Anyway, Symi is lovely.  A really sweet small inlet harbour with colourful village on the hillside, with evidence of its Italian heritage in the architecture.  We enjoyed two days here and were there for the Greek national holiday “No Day” where back in 1940 the Greek Prime Minister said “No” to the Italian dictator Benito Mussolini who wanted to his forces to enter Greek territory and occupy strategic locations. We watched the ceremony and parade and then walked to the top of the village to get some pictures.  

A highlight of Symi for Phil was the ability to order his dinner and have it delivered without leaving the boat.  We were tied to the dock in front of a Taverna and the waiter would often talk to us.  So come dinner time on our first evening Phil stood on the back of the boat and asked her for a gyros, 5 minutes later she brought it to the boat – at a cost of €2.50 he was one happy man.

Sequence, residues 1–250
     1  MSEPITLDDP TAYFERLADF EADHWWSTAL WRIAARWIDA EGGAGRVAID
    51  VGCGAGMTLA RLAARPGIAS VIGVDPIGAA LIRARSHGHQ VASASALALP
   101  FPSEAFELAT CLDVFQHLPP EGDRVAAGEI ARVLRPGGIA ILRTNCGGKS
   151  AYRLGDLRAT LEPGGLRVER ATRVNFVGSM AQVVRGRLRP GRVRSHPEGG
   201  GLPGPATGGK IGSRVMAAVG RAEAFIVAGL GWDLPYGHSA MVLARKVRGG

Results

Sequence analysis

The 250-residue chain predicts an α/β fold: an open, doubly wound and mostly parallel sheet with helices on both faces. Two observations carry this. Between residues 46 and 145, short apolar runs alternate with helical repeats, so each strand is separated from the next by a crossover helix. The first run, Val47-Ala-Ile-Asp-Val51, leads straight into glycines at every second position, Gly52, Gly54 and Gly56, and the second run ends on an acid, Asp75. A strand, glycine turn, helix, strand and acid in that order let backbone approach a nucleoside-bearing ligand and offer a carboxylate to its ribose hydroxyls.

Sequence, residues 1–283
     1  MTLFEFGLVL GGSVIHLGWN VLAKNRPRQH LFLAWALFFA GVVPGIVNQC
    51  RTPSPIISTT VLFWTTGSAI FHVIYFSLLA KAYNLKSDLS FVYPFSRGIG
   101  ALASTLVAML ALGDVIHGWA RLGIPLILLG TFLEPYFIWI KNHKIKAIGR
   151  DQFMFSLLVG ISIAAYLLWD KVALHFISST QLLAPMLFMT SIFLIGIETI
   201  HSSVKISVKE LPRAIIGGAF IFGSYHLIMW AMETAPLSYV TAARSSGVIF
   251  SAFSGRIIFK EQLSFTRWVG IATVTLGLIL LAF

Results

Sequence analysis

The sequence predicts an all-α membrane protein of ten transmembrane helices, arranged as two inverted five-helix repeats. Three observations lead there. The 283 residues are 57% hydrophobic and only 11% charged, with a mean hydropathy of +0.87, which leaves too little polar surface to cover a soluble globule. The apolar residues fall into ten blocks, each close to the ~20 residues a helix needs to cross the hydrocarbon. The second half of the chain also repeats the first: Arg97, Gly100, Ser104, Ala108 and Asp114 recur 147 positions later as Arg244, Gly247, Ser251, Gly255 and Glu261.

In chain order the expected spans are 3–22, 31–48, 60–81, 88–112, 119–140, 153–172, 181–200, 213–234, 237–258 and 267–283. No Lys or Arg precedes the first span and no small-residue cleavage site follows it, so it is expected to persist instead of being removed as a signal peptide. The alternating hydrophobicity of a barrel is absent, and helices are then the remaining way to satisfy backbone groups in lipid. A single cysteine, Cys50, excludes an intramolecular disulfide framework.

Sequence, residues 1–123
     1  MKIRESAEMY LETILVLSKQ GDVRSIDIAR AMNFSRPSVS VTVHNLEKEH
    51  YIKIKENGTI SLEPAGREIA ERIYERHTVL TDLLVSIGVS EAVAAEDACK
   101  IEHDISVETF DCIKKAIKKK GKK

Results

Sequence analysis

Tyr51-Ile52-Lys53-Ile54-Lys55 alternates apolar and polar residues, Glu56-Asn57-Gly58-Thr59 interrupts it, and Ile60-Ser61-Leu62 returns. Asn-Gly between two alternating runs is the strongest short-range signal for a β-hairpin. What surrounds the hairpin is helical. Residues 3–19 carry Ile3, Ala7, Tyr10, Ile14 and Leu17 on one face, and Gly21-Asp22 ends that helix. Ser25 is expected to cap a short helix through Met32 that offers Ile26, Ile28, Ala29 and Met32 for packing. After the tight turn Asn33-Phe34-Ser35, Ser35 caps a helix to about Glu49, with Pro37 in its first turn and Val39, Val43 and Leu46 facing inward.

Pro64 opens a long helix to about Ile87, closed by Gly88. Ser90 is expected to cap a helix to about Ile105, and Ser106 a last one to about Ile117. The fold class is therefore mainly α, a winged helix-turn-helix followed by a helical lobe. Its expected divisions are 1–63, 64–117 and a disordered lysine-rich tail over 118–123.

All that was left was to formally check out of Greece and the EU.  We completed formalities at Symi with the Police who stamped our passports and handed in our Cruising Permit and Log Book to the Port Police, we were free to leave.

As the sun was coming up on Friday 29th October Red Roo left Symi for Datca Turkey, a short 2.5 hour trip (we could see Turkey the whole time).

As we wrap up 933 nautical miles, 45 stops and 3 months in Greece – we leave with wonderful memories.

2 Comments on “Goodbye Greece

  1. Great Blogs Peewee👍

    Regards,

    Scott Jackson
    Systems Engineering Manager
    CAT HRV

    Like